Last Saturday morning (Jan. 13), I picked up the The Chronicle Herald to see a front-page spread announcing the launch of a special report on the Northern Pulp mill in Pictou County, about which I had just written a book, “The Mill —Fifty Years of Pulp and Protest.”
An editor’s note said that journalists from The Chronicle Herald and the SaltWire paper, New Glasgow’s The News, had spoken with people who run the mill. I looked forward to reading what they had to say since they had refused to be interviewed for my book. The editor also said that the journalists had spoken to some of those with concerns about the company’s plans for a new effluent treatment and disposal system.
The first of four articles said that the series would attempt to “lay out the facts in black and white to inform an important discussion about the mill’s role and future” in Nova Scotia.
To date, there have been four articles in the series. It has certainly provided lots of positive coverage of the mill. Missing, however, are the voices of the people with concerns about the mill, and many facts that still deserve attention.
For the last 50 years, one citizens’ group after another has formed to protest the effects of the mill’s pollution on air and water, and on other businesses and industries in Pictou. Others have protested the influence of the pulp industry on forestry in Nova Scotia, with its regime of clearcutting and herbicide spraying, and its access to Crown land.
Doctors and other citizens have requested — in vain — that the government undertake a study to determine whether high rates of cancer and respiratory problems in Pictou County relate to the mill and other heavy industries. There have also been repeated demands for better and more stringent monitoring of emissions, and meaningful fines when the mill fails tests.
Citizens have worried about the mill’s use of upwards of 90 million litres of fresh water each day, and the travesty of the Boat Harbour deal that allowed mill effluent to turn a pristine First Nation estuary into a stinking hellhole, one of the country’s most egregious pollution hot spots.
Over the years, one government after another lavished large amounts of public money in loans, grants and concessions on the mill, which has been owned by five large corporations (the current one is part of the Indonesian billionaire Widjaja family’s corporate behemoth with its headquarters in Asia).
Between 2009 and 2013, the province of Nova Scotia financed Northern Pulp to the tune of $111.7 million. In 2011, the federal government gave the mill $28.1 million for “green transformation.”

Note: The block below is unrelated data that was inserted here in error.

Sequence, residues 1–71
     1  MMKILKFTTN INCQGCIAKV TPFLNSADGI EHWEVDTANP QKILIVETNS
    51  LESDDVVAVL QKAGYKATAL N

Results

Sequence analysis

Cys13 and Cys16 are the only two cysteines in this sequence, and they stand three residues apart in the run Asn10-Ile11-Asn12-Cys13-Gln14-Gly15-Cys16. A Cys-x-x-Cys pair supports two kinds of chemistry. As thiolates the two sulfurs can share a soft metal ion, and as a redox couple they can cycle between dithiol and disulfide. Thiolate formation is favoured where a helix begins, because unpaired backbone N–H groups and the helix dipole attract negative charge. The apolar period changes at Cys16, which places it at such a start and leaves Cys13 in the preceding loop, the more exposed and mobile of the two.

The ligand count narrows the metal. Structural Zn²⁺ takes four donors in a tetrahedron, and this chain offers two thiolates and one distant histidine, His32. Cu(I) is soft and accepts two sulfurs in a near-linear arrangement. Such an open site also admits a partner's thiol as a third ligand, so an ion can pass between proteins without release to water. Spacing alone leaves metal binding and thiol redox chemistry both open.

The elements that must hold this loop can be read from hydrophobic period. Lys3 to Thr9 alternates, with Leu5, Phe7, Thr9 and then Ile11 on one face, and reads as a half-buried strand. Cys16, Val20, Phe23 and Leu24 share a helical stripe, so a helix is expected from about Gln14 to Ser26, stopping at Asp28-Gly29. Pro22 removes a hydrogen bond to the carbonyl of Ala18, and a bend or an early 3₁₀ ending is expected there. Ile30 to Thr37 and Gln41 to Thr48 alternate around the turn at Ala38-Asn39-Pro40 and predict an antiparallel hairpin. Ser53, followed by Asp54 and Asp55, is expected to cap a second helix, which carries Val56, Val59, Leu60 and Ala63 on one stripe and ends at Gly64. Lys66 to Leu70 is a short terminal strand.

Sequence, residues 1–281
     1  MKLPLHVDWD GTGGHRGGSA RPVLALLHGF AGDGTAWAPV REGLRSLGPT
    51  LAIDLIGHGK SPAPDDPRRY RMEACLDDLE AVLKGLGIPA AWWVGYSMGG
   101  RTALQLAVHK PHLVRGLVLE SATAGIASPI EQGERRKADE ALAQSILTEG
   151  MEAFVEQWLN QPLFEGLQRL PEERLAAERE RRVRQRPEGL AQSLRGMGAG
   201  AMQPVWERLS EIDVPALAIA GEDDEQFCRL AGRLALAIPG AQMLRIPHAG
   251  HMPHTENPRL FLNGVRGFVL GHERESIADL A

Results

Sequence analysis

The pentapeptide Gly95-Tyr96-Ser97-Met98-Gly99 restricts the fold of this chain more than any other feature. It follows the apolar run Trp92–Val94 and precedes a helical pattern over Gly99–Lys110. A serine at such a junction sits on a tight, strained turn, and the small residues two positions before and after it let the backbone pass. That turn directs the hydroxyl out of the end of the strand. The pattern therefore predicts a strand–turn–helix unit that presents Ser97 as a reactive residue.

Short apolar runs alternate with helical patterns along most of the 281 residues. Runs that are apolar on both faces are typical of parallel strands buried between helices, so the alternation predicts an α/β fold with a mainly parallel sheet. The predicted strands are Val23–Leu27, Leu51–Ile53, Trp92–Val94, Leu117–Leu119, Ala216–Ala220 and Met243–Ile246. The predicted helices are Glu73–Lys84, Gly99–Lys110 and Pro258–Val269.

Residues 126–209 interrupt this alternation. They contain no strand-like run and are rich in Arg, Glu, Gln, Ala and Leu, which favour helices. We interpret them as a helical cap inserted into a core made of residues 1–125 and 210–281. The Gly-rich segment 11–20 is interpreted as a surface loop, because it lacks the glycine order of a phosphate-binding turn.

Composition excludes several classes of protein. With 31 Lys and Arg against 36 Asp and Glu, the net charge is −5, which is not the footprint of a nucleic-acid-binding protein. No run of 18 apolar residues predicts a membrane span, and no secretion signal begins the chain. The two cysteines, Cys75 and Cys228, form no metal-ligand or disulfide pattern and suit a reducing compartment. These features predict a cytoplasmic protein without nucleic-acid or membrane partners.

And yet, when the government tried in 2015 to impose just a few modest restrictions on Northern Pulp in a new industrial approval — to reduce the amount of water it could use and to cap production limits – the mill filed papers to take the government to court. In the end, the government caved and the restrictions in the industrial approval were removed.
In 2016, Northern Pulp pleaded guilty to charges of pollution caused by the rupture of its effluent pipeline the previous year, which spewed 47 million litres of toxic effluent onto sacred Mi’kmaq land. The mill was fined $225,000 and the judge said it had been “an accident waiting to happen” because the pipeline had been in an advanced state of deterioration. Not the kind of thing that builds trust when the company is trying to assure the community that it is safe to run a huge pipe full of effluent directly into lobster fishing and spawning grounds in the Northumberland Strait.
In recent months, the Northumberland Fishermen’s Association and the Friends of Northumberland Strait have made a strong case for a much more comprehensive environmental assessment of the effluent plans than the province has agreed to, and a treatment facility that would not put any effluent into the Strait.
The fishermen have linked up with fishermen’s groups in Prince Edward Island and New Brunswick to oppose the proposed pipe. They have also plastered Pictou County with large signs saying “NO pulp waste in our water.”
Given all of the above, here’s hoping another series on Northern Pulp is in the works, one that will bring us the voices of people with a broad range of concerns about the pulp mill’s effects on water, air, forests, tourism, fisheries — and also politics in this province.